Yale economist Robert Shiller, one of the few to foresee the bursting of both the Internet and housing bubbles, says that while stocks are pricey right now, he still prefers them over inflation-indexed bonds over the long haul.
“Stocks,” Shiller told the Associated Press when asked whether he would rather have his money in stocks or in Treasury Inflation-Protected Securities over the next ten years. “They’re highly priced, and they’re risky, but they’ve had a good historic record. And last time I looked, inflation index bonds have a negative real yield.”
Shiller says he doesn’t see any bubbles forming in the U.S. right now. “It doesn’t seem to me that we’re in a bubble situation as we were, say, in the 1990s,” he says. “In the 1990s, there was just a general mood that we’re entering a new millennium, with Internet technology and advanced technology and America soaring. It was a bubble all over the world, really. I don’t know that we’re in that state of confidence now.” He also says that China’s government has taken steps to curtail what appeared to be a bubble that was forming there, adding that central banks and governments are now more on the lookout for bubbles, which will make it more difficult for them to form.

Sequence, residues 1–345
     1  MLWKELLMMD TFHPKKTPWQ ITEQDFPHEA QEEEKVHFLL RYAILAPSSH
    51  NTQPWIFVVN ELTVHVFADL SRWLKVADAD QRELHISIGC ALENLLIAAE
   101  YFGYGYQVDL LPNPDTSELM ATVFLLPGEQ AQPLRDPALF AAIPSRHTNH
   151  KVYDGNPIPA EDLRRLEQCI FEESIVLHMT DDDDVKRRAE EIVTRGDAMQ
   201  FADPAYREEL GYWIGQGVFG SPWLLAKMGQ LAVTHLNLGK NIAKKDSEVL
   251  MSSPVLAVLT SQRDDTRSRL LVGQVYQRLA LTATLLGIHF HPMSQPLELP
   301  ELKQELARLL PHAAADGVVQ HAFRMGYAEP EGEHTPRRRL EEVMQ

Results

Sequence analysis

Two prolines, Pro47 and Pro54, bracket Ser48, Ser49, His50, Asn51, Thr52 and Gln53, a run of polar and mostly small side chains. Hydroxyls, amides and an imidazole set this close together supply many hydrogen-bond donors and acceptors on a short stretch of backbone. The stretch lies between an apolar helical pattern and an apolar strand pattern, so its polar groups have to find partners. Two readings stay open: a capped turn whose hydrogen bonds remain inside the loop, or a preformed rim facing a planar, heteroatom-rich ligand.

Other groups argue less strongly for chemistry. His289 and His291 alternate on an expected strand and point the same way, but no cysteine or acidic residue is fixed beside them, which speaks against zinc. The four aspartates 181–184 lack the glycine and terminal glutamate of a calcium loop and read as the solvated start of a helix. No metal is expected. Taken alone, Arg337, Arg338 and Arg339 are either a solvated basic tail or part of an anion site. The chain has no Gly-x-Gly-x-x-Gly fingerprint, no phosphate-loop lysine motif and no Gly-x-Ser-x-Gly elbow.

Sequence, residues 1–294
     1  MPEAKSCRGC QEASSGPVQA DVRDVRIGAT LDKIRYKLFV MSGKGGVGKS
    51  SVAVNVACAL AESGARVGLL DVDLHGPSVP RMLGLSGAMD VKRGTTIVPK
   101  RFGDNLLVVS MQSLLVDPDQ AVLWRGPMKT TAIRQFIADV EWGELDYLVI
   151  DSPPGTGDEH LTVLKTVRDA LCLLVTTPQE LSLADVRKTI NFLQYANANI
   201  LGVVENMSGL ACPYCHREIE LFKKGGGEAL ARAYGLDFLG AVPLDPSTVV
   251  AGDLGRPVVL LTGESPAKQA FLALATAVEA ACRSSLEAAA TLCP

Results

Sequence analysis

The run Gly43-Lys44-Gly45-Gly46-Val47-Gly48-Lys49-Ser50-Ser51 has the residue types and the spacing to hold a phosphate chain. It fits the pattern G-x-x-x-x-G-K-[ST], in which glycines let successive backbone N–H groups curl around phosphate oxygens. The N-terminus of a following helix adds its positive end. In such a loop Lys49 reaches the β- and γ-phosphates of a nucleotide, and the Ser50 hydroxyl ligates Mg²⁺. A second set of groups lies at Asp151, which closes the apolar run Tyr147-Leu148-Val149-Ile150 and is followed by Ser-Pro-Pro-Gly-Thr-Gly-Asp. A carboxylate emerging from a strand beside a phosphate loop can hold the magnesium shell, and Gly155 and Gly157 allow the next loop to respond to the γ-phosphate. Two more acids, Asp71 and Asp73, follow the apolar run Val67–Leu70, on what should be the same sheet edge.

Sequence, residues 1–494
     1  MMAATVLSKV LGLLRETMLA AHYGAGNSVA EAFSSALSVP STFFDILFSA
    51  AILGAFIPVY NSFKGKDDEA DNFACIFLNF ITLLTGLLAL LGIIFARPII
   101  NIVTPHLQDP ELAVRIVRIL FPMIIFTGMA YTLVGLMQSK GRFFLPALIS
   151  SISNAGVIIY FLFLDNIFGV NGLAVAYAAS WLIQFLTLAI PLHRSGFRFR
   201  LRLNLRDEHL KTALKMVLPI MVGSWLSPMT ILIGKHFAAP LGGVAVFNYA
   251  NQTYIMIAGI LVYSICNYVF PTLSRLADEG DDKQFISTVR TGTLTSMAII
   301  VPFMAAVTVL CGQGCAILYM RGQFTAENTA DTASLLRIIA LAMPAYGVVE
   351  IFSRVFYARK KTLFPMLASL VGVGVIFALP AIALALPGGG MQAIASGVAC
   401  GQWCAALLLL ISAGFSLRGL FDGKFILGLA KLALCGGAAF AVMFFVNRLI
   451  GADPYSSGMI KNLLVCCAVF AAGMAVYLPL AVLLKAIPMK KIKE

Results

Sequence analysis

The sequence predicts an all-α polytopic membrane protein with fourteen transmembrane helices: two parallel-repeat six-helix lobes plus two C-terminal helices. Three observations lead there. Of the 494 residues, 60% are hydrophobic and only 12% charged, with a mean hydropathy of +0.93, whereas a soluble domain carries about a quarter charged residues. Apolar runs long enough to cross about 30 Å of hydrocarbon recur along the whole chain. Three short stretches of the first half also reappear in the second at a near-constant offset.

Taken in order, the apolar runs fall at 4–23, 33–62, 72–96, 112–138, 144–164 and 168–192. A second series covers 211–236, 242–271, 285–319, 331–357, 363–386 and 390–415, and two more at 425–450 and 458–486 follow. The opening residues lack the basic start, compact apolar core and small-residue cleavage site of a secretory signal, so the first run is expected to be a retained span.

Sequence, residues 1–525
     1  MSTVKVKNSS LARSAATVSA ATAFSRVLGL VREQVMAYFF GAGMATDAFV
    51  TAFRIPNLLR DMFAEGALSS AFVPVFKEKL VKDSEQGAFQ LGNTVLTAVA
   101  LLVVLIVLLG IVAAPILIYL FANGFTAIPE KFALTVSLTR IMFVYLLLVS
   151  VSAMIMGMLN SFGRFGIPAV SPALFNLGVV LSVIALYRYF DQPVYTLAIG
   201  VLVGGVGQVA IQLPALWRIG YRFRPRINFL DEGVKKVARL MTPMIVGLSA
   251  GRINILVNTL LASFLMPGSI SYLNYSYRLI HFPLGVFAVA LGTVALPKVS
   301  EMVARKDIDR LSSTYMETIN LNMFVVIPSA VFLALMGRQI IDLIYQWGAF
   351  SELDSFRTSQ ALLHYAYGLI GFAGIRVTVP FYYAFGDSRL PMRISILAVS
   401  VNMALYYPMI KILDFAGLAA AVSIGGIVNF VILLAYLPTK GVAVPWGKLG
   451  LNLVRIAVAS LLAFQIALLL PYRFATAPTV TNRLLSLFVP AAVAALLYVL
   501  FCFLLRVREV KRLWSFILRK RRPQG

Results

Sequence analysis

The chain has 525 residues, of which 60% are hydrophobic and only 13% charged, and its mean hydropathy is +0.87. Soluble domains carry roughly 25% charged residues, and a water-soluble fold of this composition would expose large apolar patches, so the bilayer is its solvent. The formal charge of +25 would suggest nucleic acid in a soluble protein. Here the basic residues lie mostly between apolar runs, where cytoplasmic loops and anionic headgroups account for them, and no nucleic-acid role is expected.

Shiller also offers his take on the housing market. Asked why he’s been more bearish than others on housing prices, he says, “It’s not so much that I’m forecasting falling home prices as that I question whether anyone is able to forecast them right now. They won’t fall forever, but they can fall for a long time. I don’t know where home prices will be in 10 or 20 years.”